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[91WashLRev0581] Lawyers for Legal Ghosts: The Legality and Ethics of Representing Persons Subject to Guardianship

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dc.contributor
dc.contributor.author Kohn, Nina A.
dc.contributor.author Koss, Catheryn
dc.date.accessioned 2016-06-14T14:53:04Z
dc.date.available 2016-06-14T14:53:04Z
dc.date.issued 2016-06
dc.identifier.citation 91 Wash. L. Rev. 581 (2016) en_US
dc.identifier.issn 0043-0617
dc.identifier.uri http://hdl.handle.net/1773.1/1587
dc.description Volume 91, Number 2, June 2016 en_US
dc.description.abstract Nina A. Kohn, Associate Dean for Research and David M. Levy L’48 Professor of Law, Syracuse University College of Law. Catheryn Koss, Founder and former Executive Director, Senior Law Resource Center. Abstract: A person subject to guardianship has been judicially determined to lack legal capacity. Stripped of legal personhood, the individual becomes a ward of the state and his or her decisions are delegated to a guardian. If the guardian abuses that power or the guardianship has been wrongly imposed—as research suggests is not infrequently the case—the person subject to guardianship may rightly wish to mount a legal challenge. However, effectively doing so requires the assistance of an attorney, and persons subject to guardianship typically have not only been declared by a court to be incapable of directing their own affairs but have been stripped of the capacity to contract. As a result, those who wish to challenge the terms and conditions of their guardianship, or even merely to exercise unrelated retained rights, can be stymied because attorneys are unwilling to accept representation for fear that it is unlawful or unethical. Drawing on constitutional law, as well as the law of agency and contract, this Article shows why such representations are, contrary to the assumptions of many attorneys, not merely legally permissible but essential to protect fundamental constitutional rights. It then explores the professional rules governing attorney conduct in order to show how attorneys may ethically represent persons subject to guardianship. Finally, it proposes a modest change to the Model Rules of Professional Conduct to clarify attorneys’ duties in this context. en_US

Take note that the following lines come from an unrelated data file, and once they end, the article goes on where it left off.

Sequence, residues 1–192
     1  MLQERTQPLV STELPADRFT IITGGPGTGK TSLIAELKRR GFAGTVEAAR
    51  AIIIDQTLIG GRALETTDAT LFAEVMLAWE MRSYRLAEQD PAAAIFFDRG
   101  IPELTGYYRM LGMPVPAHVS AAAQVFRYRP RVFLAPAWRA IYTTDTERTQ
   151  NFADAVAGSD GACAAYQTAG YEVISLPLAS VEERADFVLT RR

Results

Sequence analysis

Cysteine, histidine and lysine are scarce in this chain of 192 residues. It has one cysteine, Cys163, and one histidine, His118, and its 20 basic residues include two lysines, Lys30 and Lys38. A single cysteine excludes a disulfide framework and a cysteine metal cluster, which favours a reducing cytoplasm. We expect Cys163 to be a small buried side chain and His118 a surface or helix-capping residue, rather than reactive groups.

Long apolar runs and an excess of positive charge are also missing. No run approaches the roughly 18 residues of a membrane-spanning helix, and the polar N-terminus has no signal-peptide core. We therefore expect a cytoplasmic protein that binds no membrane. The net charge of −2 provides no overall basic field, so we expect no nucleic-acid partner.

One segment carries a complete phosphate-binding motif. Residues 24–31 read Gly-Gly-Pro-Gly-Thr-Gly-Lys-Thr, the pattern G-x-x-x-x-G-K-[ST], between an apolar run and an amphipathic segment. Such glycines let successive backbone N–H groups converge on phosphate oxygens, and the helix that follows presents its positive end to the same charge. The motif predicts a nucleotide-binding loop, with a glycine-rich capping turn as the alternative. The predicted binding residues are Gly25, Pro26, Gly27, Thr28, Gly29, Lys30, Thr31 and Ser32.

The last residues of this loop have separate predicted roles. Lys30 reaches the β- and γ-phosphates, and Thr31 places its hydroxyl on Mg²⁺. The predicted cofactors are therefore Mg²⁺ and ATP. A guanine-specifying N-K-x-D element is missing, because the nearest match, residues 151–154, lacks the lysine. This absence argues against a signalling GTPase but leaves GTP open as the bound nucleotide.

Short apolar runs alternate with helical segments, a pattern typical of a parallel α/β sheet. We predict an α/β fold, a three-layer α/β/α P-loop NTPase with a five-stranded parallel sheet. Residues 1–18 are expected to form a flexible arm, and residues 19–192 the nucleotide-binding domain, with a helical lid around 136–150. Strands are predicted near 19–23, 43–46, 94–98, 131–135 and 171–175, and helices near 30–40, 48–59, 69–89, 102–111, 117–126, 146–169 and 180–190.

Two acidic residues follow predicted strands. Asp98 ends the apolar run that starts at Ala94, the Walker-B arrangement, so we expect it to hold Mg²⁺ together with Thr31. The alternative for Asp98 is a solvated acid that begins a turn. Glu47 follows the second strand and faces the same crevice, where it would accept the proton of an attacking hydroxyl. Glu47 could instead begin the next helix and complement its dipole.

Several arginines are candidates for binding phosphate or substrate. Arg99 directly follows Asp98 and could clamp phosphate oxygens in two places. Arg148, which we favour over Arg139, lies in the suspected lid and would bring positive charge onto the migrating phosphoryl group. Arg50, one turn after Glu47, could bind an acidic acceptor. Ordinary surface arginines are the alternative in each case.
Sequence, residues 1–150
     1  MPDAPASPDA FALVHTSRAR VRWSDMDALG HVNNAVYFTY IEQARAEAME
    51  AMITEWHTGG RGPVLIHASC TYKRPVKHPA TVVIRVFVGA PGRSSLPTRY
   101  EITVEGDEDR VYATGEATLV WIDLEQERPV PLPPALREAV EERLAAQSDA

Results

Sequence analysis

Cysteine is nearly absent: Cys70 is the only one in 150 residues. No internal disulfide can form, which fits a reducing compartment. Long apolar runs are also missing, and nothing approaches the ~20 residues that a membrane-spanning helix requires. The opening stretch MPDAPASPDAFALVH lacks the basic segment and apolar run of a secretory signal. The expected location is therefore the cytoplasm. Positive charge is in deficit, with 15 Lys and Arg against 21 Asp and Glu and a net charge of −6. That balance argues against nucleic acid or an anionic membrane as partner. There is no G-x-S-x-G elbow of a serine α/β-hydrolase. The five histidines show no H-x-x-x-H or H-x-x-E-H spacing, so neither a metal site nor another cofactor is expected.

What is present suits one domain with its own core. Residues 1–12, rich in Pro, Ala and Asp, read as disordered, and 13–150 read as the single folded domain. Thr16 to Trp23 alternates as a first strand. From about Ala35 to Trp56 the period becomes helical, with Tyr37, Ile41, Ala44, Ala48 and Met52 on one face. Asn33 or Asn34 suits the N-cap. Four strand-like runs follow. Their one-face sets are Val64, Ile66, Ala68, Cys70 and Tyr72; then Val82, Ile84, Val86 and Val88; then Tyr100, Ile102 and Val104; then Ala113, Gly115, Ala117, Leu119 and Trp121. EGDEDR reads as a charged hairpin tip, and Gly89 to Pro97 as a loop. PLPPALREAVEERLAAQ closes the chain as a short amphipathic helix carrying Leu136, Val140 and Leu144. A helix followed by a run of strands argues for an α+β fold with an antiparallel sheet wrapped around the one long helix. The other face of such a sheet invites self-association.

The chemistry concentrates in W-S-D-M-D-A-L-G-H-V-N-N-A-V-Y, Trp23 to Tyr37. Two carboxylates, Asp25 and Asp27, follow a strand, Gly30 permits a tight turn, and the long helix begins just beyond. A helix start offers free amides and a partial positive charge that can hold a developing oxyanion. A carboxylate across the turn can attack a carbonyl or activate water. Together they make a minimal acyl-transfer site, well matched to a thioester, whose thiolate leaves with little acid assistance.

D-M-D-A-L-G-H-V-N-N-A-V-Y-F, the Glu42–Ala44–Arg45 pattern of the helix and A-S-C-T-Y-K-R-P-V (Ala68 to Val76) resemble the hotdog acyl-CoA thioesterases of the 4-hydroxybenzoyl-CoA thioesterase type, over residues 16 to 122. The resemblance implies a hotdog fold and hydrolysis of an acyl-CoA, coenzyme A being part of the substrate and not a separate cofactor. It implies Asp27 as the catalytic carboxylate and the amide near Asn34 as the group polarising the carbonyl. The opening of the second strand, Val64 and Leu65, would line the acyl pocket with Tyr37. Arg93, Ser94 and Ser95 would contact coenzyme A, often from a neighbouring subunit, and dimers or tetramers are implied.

dc.language.iso en_US en_US
dc.publisher Seattle: Washington Law Review, University of Washington School of Law en_US
dc.subject Article en_US
dc.title [91WashLRev0581] Lawyers for Legal Ghosts: The Legality and Ethics of Representing Persons Subject to Guardianship en_US
dc.title.alternative Lawyers for Legal Ghosts: The Legality and Ethics of Representing Persons Subject to Guardianship en_US
dc.type Article en_US
dc.rights.holder Copyright 2016 by Washington Law Review Association. en_US


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